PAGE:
January 28, 2023

Unpredictability continued to shape the workplace and talent landscape in 2022, even as fashion leaders began to set more parameters around vaguely defined areas such as remote work, sustainability and diversity, equality and inclusion.

Lingering effects of “The Great Resignation” created a shortage of talent in critical functions such as supply chain, technology, environmental, social and governance, finance and human resources. Persistent labor shortages were felt most in stores and among early-career professionals and, all told, fashion executives and human resources leaders succumbed to salary demands and expectations around flexibility not seen before in the industry. were seen.

The uproar even reached the C-suite: Sonia Syngal of Gap Inc., Paolo De Cesare of MatchesFashion and Chris Morton of Lyst all left their posts in the same week in July. They joined a long and fast-growing list, including The RealReal and Under Armour, whose CEOs left in June, and Glossier, whose founder left in May. Before that, board changes took place at Chanel, Alexander McQueen and Versace.

Attempts to diversify have run into major hurdles as it became increasingly apparent that fashion companies were rushing to create new DEI-focused roles following the 2020 social justice protests. In terms of recruiting, the excitement around NFTs and the metaverse has subsided alongside cryptocurrency prices, though companies will continue to invest in features related to product innovation and technology that improves the customer experience in stores and online.

With a possible recession on the horizon, it remains to be seen whether fashion leaders will resist the temptation to cut back on talent investments and instead stay on track by prioritizing features that strengthen their businesses for the future.

Some layoffs are unavoidable when the economy is in danger and nixing vacancies is often the first step for many companies.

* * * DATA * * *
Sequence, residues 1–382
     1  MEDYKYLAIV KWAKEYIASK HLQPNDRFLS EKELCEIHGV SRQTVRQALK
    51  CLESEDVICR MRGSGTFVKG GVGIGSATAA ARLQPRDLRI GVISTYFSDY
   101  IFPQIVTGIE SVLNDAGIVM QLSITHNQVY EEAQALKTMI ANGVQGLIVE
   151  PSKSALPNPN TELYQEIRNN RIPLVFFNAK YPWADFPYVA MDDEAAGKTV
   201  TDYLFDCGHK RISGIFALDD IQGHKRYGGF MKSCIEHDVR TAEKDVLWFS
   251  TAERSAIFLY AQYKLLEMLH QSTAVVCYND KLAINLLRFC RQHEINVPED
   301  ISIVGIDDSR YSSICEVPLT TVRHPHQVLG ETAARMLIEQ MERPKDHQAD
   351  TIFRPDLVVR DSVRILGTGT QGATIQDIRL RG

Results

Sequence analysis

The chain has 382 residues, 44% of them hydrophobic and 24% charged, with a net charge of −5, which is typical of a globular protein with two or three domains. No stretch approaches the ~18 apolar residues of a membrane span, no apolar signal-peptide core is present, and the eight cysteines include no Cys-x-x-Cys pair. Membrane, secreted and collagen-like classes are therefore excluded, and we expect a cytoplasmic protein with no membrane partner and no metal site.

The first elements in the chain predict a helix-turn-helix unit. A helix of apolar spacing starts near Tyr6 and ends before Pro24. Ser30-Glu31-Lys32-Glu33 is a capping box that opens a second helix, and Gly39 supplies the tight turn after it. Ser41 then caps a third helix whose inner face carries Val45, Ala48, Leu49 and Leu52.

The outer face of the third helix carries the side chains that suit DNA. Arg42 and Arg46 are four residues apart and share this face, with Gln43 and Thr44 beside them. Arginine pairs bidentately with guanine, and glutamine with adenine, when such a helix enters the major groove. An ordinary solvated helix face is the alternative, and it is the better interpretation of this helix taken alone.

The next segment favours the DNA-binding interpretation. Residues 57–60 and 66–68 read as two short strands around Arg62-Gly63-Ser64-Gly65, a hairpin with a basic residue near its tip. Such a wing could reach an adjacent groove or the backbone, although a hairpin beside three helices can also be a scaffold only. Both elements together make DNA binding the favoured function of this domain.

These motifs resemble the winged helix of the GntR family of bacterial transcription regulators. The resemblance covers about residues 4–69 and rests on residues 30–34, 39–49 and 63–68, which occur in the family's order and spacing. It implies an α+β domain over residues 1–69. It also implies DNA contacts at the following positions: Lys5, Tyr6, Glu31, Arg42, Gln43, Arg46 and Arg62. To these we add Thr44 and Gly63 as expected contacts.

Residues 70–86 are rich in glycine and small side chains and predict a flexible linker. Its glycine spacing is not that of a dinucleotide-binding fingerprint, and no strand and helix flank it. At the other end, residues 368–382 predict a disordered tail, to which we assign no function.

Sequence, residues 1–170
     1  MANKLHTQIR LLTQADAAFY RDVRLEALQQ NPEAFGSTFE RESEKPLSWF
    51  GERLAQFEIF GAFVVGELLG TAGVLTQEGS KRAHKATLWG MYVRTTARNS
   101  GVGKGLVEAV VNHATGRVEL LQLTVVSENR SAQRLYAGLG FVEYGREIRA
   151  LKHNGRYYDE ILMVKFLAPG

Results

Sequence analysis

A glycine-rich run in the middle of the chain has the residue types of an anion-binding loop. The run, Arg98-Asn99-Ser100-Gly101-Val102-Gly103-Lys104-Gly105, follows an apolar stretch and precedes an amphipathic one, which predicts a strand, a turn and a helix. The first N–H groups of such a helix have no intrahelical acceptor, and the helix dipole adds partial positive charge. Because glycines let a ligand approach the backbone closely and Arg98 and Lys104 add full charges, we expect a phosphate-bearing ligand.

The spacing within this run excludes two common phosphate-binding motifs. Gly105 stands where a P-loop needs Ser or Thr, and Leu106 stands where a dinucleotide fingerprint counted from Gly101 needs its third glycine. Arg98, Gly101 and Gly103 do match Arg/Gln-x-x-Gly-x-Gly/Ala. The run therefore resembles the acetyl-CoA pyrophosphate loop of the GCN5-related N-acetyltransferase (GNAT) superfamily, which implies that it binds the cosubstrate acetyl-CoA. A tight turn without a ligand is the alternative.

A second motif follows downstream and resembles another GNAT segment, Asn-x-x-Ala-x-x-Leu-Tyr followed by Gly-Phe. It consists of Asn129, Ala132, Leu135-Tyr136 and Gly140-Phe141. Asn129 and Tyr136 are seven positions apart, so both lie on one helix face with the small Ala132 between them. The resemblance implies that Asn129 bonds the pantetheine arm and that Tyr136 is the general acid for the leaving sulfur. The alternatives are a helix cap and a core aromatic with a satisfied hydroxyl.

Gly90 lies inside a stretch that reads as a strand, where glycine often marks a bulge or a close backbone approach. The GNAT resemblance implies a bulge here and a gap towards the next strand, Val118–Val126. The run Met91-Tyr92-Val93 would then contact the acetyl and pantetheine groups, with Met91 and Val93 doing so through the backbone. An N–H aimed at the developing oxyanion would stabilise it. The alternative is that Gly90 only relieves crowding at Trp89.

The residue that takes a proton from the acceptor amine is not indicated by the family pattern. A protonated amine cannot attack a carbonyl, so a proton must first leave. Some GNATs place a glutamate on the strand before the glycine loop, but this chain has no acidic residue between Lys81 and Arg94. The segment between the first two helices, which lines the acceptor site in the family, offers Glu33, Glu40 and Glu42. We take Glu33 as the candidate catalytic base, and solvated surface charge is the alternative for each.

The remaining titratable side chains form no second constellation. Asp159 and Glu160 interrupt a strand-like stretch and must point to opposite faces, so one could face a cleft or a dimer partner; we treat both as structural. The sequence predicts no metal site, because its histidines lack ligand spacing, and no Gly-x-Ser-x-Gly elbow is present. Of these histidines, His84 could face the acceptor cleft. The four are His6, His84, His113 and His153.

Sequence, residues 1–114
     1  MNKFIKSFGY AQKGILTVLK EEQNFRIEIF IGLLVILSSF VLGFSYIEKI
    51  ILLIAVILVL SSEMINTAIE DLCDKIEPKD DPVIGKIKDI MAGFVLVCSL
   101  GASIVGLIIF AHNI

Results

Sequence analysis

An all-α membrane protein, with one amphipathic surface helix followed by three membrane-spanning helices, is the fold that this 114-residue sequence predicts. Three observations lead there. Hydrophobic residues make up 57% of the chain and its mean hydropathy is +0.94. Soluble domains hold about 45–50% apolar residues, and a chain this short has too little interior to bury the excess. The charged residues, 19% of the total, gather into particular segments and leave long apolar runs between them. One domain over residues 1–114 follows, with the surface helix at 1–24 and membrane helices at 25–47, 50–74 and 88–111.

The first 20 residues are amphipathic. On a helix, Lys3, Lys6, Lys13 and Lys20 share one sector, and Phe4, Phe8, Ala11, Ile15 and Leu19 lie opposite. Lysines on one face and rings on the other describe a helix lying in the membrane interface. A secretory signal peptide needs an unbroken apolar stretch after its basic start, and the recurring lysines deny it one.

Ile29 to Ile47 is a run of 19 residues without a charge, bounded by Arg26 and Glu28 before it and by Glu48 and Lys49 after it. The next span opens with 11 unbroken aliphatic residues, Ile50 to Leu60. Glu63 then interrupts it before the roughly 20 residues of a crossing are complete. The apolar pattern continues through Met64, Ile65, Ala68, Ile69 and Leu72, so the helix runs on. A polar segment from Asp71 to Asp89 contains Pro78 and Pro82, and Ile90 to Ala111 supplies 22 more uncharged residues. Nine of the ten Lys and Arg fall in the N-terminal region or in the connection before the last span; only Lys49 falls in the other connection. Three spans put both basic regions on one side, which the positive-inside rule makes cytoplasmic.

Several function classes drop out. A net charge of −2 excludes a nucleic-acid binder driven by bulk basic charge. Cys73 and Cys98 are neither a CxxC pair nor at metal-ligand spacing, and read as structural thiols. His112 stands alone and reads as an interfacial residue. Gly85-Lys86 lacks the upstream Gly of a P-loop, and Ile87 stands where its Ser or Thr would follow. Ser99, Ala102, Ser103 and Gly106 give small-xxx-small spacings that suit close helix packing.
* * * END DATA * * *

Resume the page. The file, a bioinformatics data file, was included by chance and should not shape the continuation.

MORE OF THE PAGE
Advice from fashion CEOs on leadership in a recession: The aftermath of the pandemic, a lingering labor shortage and an impending recession have created a challenging equation for leaders who must strike a delicate balance to move forward.

Inflation, geopolitical tensions and other signs of an economic downturn have led to concerns that layoffs could become fashionable.

How to know when layoffs are coming – and what to do about it: Fashion workers worried about their jobs during an economic downturn should watch for warning signs and look for ways to hand over their roles if the worst happens.

Many factors, including economic turbulence and changes in consumer trends, can affect the labor needs of fashion brands and retailers.

High-demand jobs in fashion: Recruiters say interest in the metaverse is cooling, while brands are looking for candidates with the real expertise to navigate uncertain times.

The generation that grew up with a cell phone in hand, brimming with success stories of TikTok stars raking in hundreds of thousands of dollars from viral videos, don't expect to spend years trudging for an entry-level job for their next promotion.

What does it take to make Gen-Z happy at work?: Due to a shift in workplace power dynamics, companies are struggling to balance the expectations of their youngest employees with the needs of their company.

Recent micro trends in the labor market are a sign of the challenging labor market.

Quiet stops, work hoarding and other workplace trends, explained: The proliferation of catchy phrases to describe how people behave at work is the latest indication of the challenging climate for fashion companies and their employees.

A slew of companies have hired Chief Diversity Officers, but the position has a high turnover rate.

Why do Fashion’s Chief Diversity Officers keep quitting?: Dozens of companies have hired diversity leaders in the past two years, but executives who take on these roles are often overworked and under-resourced.

Sonia Syngal of Gap Inc., Paolo De Cesare of MatchesFashion and Chris Morton of Lyst.

The CEO Shakeup After the PandemicFrom Gap to MatchesFashion, fashion companies are shaking up the top job as the industry moves past some of the Covid-era troubles and prepares for a new set of challenges, including an economic downturn.

Fashion's eternal game of CEO music chairs has left little room for it to meaningfully diversify its top post, experts say.

Where are the black CEOs of Fashion?: Disappearingly few big, established brands have appointed black CEOs, even after two years of theoretically addressing racial injustice.

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